to foster a debate, instead decorating the Access Card
scheme as the "anti-ID card" without waiting
for the report by the Australian Law Reform Commission
what do people want?
What do consumers want in relation to national identity
schemes? Contrary to some assertions by identity card
proponents and critics, the answers are not clear.
That uncertainty reflects the range of stances - including
people who equate a card (any card) with 'the mark of
the Beast' or with 'late-fordist industrial discipline',
people who are familiar with digital technologies and
sensitised to privacy/security concerns, peers with the
same familiarity but without that sensitisation or with
a different assessment of benefits, people in search of
'silver bullet' solutions to complex problems.
Uncertainty also reflects situational factors. Attitudes
change when individuals are faced by a medical emergency,
terrorism or 'stranger danger' - although assessments
of risk may be quite different to realities.
There are few large-scale independent studies about Australian
consumer attitudes to privacy per se, to medical
privacy or to perceptions of risks. As with people in
most advanced economies, there appears to be a substantial
difference between stated values and behaviour.
Survey respondents and focus group participants thus typically
say that their privacy is precious and should be protected.
expressing concern about a public sector 'big brother'
are unaware of (or indifferent to) data collection and
use by the private sector, including large-scale data
profiling by credit reporting
businesses and identity referencing/vetting
assimilated identity verification requirements centred
on the 100 Point scheme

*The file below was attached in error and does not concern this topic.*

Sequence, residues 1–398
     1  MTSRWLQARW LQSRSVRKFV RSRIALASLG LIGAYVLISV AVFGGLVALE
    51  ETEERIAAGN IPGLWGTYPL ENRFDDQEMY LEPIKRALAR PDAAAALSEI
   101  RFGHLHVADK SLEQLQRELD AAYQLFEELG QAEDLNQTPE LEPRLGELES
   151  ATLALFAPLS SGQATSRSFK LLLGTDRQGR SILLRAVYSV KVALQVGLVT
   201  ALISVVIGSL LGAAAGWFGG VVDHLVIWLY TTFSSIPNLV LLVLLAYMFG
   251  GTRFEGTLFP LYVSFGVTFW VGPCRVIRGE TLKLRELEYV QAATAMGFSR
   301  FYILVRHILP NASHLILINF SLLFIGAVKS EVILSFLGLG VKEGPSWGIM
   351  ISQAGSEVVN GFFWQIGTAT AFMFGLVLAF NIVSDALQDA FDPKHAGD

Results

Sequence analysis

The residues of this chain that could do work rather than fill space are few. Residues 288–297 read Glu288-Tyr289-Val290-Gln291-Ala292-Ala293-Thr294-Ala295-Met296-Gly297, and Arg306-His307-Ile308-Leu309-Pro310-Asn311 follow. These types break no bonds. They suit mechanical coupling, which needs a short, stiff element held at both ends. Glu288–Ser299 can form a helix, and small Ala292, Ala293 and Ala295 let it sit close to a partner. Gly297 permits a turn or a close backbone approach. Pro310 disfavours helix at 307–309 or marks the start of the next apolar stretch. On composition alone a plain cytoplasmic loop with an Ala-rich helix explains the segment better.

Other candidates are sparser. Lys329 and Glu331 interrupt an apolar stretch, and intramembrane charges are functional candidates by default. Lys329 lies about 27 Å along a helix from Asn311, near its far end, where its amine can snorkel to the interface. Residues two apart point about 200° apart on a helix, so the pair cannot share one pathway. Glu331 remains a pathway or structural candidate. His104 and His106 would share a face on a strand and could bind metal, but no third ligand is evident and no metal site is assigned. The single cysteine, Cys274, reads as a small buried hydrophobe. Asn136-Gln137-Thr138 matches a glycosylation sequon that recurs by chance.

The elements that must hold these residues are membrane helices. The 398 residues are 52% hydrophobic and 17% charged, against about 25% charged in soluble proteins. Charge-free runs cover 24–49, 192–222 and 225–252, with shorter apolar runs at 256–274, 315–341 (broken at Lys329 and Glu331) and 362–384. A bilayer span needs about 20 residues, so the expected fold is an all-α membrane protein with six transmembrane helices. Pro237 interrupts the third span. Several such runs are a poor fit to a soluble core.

under the Financial Transaction Reports Act 1988
prepared to commoditise their personal information for
a trivial reward, for example merely the opportunity
to win a small prize
between their privacy (sacred) and that of celebrities
or stigmatised groups (eg welfare recipients, those
labelled as engaged in welfare fraud, those perceived
as likely terrorists)
comprehensive action against identity fraud yet are
reluctant to take responsibility for their own actions
in identity management
malpractice in the handling of health services information
while underestimating opportunities for abuse of that
is thus possible to get substantially different answers
from a particular group, depending on when people are
asked and how they are asked. Claims that "most Australians"
welcome/oppose particular initiatives should be treated
with caution. "Community outrage" over the Australia
Card was not evident in introduction of the Tax File number.
Organisations, civil society organisations and affinity
groups have sought to -
debate about card schemes
debate for other purposes
Efforts to set terms of debate have largely avoided discussion
about the overall shape of privacy in Australia, in particular
private sector data handling. Statements by proponents
and opponents have centred on use of the Card by government
and have typically been pitched as "anti-ID card"
that "will protect privacy" versus an "Orwellian"
card that "fails the Nazi test".